Devolution of Transportation: Reducing Big-Government Involvement in Transportation Decision Making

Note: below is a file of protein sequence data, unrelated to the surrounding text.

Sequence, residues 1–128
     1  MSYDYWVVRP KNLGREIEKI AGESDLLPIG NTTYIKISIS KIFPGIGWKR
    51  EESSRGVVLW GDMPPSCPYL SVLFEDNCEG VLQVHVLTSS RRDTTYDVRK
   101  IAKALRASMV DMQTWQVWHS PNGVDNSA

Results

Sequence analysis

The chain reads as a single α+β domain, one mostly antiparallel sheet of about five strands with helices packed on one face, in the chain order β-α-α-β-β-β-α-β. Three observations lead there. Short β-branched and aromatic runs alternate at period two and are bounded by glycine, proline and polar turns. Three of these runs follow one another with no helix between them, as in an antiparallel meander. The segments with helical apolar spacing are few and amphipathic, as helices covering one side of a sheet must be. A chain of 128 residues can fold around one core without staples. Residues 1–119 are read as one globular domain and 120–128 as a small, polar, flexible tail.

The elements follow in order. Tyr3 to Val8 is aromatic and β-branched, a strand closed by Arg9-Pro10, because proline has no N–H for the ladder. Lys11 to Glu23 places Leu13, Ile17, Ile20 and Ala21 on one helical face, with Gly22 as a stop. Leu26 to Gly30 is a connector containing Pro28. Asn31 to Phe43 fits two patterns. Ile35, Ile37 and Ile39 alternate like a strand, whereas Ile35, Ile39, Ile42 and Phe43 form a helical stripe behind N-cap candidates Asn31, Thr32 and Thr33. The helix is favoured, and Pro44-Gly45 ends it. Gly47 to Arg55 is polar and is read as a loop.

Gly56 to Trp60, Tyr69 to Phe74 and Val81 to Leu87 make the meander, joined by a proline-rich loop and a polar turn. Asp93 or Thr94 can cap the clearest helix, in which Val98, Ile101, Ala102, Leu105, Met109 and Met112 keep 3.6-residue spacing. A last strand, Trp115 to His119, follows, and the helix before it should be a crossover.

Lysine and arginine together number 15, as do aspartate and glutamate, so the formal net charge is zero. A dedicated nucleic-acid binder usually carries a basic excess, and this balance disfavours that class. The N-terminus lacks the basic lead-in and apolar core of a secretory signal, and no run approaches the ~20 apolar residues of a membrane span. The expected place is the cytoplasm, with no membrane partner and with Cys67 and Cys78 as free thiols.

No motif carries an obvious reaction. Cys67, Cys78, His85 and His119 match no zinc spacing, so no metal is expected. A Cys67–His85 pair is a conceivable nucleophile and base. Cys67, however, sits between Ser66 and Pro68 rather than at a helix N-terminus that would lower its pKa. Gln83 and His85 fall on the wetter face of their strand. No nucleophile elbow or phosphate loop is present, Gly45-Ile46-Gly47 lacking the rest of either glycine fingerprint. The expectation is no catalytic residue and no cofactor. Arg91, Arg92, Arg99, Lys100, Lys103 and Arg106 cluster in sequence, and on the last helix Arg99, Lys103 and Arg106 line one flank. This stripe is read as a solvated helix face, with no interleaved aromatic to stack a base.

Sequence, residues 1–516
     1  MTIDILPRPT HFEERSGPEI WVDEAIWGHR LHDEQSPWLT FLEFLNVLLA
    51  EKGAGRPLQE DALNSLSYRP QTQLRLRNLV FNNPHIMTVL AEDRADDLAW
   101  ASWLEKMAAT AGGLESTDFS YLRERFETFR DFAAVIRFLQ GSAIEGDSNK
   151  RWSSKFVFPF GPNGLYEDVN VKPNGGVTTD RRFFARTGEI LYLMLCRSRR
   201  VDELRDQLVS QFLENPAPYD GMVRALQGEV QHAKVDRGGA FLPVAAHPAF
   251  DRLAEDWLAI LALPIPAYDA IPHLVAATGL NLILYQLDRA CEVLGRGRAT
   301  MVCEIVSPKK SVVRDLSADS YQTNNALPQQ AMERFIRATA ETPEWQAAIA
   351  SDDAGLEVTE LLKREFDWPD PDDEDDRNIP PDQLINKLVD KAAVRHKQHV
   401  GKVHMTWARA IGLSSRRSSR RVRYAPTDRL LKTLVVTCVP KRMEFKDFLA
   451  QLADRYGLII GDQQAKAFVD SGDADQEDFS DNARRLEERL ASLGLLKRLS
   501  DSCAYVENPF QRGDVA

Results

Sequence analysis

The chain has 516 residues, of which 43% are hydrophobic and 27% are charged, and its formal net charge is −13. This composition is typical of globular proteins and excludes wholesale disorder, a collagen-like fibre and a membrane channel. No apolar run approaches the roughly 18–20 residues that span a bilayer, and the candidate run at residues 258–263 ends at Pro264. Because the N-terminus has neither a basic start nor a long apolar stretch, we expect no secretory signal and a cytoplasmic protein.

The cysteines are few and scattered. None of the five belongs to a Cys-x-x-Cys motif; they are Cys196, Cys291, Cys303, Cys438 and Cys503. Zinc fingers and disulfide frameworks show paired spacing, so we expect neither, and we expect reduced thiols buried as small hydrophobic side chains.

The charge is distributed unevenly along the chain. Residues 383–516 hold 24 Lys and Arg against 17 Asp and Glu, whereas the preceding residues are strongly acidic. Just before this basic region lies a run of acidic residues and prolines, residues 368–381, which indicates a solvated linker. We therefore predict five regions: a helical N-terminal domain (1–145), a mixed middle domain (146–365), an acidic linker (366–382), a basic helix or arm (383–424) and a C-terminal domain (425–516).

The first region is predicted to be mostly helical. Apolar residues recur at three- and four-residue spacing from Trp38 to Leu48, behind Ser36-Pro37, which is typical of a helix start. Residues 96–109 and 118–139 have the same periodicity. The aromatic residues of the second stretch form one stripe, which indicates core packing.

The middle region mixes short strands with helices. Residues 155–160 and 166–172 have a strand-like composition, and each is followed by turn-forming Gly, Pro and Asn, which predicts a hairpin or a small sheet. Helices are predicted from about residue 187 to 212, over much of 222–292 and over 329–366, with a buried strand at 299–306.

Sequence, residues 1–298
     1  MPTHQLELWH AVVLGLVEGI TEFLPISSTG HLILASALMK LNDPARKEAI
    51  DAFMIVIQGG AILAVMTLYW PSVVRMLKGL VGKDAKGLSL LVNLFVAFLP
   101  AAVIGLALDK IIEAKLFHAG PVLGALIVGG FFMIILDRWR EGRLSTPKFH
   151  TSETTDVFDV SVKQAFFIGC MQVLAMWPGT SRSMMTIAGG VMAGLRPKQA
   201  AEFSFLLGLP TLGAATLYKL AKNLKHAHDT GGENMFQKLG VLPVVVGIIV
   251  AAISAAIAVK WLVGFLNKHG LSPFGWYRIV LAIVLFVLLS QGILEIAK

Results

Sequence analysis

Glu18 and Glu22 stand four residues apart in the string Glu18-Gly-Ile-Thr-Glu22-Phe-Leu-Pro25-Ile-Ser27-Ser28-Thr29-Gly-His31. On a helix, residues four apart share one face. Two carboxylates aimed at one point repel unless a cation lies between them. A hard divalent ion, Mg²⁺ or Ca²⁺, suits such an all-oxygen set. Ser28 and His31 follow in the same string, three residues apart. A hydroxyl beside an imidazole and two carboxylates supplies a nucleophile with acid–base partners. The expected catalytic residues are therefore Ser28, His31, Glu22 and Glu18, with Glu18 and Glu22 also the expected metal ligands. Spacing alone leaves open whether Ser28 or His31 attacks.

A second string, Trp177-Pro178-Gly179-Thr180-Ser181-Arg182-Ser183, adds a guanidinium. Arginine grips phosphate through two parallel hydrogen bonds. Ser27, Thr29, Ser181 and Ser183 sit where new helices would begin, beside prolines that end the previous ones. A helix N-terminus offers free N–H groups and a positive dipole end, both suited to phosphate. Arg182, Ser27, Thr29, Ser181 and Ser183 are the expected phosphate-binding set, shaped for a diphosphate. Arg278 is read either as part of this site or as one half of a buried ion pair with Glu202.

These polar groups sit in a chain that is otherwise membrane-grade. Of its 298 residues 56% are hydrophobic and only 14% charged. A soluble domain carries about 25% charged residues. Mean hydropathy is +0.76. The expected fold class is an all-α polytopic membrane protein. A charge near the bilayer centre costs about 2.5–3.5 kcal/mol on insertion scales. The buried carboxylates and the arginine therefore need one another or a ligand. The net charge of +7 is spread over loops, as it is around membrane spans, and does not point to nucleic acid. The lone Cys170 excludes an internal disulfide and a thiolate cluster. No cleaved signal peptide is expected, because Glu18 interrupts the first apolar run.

The current systems of pricing, decision making, and funding give too much authority to higher levels of government––particularly the federal government, but also to government in general. The vast majority of passenger and goods movements involve short distances. This is inconsistent with the scale of government involvement in the decisions and funding processes that dominate the transportation sector. Transportation pricing and funding mechanisms used today are a legacy of out-of-date motivations and constraints. Today’s mechanisms do not create a nexus between those who need transportation services and the financing of those services. Instead, funding flows through processes that involve pooling of revenues, subsidies and cross- subsidies, and non-economic allocation processes to investment and operations spending. The result is that the mostly localized needs of passengers and shippers are not efficiently served. The misallocations and distortions are most marked in the case of highway-based transportation and urban transit. This results in congested and over-used highways and transit systems that provide high-cost service with little accountability to passenger trip preferences. The issues are less pressing in the case of air and water transport. However, we question the need for public ownership of airports and seaports. Other countries have successfully privatized both ports and air traffic control systems. Pipelines, like the rail network before them, face sufficient competition to benefit from the near-complete deregulation and devolution of decision rail has enjoyed for over 30 years. The success of rail deregulation is a powerful illustration of the benefits of devolution to the private sector.